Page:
What if I told you there was a little-known strategy to close huge deals with large companies you never thought you’d have a chance with?
Well, good news — there is.
If you know what to look for, acquisitions, mergers, and divestitures can represent that unique opportunity to make the sale of a lifetime.
Why Mergers and Acquisitions Offer a Great Opportunity
The term “merger” makes it seem like the two companies are coming together to pool their resources and work in harmony together. But contrary to what we read and hear there is no such thing as a true merger in corporations, or, at the very least, they are extremely rare.
In reality, one company buys another company, and there is a winner and a loser. When two corporations decide to join together, normally one company buys the stock of the other with cash, stock, or a combination of the two and obtains control over the other corporation.
This is what gives you a great sales opportunity. There is always a period of restructuring after a merger or acquisition where the winning organization will need to update their systems, combine them with the loser’s systems, and acquire entirely new systems.
In divestitures — where one company splits into two, like how Kraft split into Kraft Foods and Mondelez in 2012 — one or both of the newly independent companies will likely need to replace systems that were lost in the split.
All of this gives opportunistic salespeople a big opportunity to take advantage.
The 3 Keys to Taking Advantage of Mergers and Acquisitions
There are three things you need to understand in order to close a sale with an organization going through a merger — capitalized acquisition funds, chaos opportunities, and timing.
Capitalized acquisition funds
The costs of restructuring and integration — as a result of an acquisition, merger, or divestiture — are capitalized as assets and are not expensed the year the acquisition happens.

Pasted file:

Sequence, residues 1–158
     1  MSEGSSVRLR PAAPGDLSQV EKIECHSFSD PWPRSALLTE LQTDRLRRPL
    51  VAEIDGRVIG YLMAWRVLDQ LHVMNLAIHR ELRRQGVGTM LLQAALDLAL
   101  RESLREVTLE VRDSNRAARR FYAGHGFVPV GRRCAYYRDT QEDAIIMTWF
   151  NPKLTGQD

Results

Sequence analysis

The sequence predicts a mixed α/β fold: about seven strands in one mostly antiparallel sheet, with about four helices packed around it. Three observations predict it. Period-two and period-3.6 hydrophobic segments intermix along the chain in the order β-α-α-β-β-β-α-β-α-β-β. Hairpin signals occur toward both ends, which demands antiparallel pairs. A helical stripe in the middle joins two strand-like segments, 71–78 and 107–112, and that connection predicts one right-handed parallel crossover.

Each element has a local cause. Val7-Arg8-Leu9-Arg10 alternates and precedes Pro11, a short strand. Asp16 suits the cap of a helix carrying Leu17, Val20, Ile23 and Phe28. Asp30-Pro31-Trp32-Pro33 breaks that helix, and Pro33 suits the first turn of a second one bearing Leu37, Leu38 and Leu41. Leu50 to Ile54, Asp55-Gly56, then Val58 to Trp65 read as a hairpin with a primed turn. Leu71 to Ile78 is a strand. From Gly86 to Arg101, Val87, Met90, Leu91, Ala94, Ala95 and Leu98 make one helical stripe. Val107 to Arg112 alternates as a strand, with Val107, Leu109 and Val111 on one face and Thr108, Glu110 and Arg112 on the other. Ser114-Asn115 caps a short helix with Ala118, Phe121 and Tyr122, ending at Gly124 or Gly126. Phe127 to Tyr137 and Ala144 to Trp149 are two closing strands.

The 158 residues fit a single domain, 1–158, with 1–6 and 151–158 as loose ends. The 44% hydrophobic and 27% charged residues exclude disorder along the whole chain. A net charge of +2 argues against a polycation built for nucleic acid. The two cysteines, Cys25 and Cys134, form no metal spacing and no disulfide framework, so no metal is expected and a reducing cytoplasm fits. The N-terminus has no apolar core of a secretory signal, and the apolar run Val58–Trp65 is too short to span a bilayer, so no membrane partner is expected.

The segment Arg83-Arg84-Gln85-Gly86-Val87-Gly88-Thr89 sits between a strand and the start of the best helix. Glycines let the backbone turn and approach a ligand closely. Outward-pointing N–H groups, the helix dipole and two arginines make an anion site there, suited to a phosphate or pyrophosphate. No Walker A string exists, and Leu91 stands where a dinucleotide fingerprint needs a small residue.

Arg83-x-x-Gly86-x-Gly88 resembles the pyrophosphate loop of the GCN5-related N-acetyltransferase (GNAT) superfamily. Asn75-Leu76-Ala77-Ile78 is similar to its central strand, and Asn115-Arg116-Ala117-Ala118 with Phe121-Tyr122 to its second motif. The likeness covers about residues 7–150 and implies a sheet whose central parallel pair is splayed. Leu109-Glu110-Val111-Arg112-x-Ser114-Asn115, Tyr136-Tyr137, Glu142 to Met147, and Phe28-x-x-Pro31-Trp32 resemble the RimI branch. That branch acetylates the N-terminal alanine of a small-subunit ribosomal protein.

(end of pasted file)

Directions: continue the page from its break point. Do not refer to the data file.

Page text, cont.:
This allows for the broad treatment of special, non-recurring expenses associated with unifying the two companies. This can include everything from severance packages to the replacement (or upgrading) of existing systems.
These expenses are outside the normal annual budgets and can be paid off over several years. They’re usually classified as an “extraordinary expense” that is displayed on their income statement rather than in expenses.
What does this mean for salespeople?
This means that companies often have a lot of extra money to upgrade existing systems or procedures, improve efficiencies, or add to a data center as a result of an acquisition. The costs can be capitalized so that they do not affect the current budget or profit and loss statement.
Often your contacts aren’t even aware of this, but it is a legitimate way of getting around a non-budgeted expenditure.
Explore this opportunity with your prospect’s project team, especially the executive sponsor. Encourage them to speak with their accounting or finance executives to figure out if this is a possibility for them.